The Dictionary of Australasian Biography/Bonython, John Langdon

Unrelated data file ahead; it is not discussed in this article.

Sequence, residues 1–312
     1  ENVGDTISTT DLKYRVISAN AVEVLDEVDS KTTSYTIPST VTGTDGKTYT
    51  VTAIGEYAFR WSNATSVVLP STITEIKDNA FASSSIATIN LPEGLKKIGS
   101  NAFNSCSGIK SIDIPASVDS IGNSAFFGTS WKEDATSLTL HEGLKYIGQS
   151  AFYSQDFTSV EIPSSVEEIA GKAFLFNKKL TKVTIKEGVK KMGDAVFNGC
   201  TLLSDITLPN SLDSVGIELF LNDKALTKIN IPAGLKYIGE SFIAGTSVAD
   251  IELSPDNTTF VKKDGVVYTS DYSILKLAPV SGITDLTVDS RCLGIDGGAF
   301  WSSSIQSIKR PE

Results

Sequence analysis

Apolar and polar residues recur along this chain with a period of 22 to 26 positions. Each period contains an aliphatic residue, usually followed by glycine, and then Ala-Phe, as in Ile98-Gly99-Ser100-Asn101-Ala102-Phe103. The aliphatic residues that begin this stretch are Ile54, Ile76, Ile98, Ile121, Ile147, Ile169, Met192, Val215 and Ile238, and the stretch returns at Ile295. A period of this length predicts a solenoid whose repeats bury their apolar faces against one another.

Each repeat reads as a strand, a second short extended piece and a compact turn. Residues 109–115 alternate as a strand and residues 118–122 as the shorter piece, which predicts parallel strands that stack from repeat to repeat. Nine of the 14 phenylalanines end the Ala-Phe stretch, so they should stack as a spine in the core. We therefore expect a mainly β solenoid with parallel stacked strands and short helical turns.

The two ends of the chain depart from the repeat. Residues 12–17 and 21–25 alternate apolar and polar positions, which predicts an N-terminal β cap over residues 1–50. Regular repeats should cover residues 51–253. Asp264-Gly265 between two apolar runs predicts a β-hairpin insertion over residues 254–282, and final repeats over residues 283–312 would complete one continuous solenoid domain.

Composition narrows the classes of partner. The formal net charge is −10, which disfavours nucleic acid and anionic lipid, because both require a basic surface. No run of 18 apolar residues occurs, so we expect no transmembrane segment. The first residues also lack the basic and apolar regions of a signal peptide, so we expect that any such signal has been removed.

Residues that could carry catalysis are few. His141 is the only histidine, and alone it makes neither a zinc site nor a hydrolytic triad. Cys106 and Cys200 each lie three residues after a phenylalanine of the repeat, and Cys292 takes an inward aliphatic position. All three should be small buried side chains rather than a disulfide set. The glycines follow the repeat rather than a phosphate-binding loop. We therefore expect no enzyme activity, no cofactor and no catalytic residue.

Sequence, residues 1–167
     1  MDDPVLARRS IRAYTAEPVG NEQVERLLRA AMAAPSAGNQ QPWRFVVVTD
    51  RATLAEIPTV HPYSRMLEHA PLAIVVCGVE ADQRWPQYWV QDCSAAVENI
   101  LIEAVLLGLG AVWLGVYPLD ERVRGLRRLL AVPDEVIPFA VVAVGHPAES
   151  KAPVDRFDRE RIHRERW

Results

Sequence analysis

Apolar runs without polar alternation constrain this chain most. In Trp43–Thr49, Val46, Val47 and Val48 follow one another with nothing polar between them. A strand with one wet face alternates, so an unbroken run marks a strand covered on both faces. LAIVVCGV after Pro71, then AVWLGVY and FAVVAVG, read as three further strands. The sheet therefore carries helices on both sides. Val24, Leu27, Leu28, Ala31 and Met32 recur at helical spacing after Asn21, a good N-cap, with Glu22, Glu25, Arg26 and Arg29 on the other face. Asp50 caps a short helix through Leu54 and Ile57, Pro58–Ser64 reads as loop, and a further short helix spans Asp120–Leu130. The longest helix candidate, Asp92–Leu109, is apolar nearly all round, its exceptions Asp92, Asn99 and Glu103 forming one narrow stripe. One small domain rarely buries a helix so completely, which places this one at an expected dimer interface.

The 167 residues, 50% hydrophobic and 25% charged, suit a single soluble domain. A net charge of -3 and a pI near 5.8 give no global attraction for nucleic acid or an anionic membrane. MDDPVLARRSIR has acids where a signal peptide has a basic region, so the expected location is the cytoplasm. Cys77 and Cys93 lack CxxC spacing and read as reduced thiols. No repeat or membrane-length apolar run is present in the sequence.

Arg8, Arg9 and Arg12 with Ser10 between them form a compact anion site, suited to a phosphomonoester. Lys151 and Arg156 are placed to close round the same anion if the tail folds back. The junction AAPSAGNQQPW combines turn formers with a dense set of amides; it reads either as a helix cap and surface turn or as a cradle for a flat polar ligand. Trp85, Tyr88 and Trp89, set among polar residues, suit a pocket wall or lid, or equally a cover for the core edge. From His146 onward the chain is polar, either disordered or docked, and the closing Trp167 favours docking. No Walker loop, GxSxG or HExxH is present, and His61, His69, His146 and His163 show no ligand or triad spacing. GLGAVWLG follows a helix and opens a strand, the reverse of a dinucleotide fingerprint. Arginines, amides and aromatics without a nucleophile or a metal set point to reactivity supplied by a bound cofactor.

Bonython, John Langdon, J. P., was born in London, Oct. 15th, 1848. He is a son of George L. Bonython, and is descended from an old family—the Bonythons of Bonython, and Carclew, in Cornwall. At an early age he went with his parents to South Australia, and was educated in Adelaide. He joined the literary staff of The Advertiser, which is the popular journal of South Australia. Having served as reporter and sub-editor, he became some years ago the editor, which position he now fills. In 1879 he entered the proprietary of The Advertiser and associated journals (The Express, an evening paper, and The Chronicle, a weekly paper); and eventually the firm, which had been Barrow & King, became Burden (Mr. F. B. Burden, J.P.) & Bonython. When the Adelaide School Board was appointed, Mr. Bonython was nominated a member. In 1883 he was elected chairman, and at the present time holds that office. He was a member of a board appointed by the Government in 1886 to consider the question of technical education. As recommended by this Board a School of Mines and Industries was established, and Mr. Bonython was made a member of the Council, which included some of the best known and most representative men in the colony. The first chairman, Dr. Cockburn, having soon after his appointment to resign through becoming Premier, Mr. Bonython was unanimously elected to the position, which he now occupies. He was one of the local commission for the Melbourne Centennial Exhibition of 1888. He is a justice of the peace, a member of the council of the South Australian branch of the Geographical Society of Australasia, and vice-president of the South Australian Cornish Association. Mr. Bonython is recognised as a shrewd politician, who has probably had as much influence on the legislation of the country as men actively engaged in politics. To his untiring energy the success of the journals with which he is connected is largely due.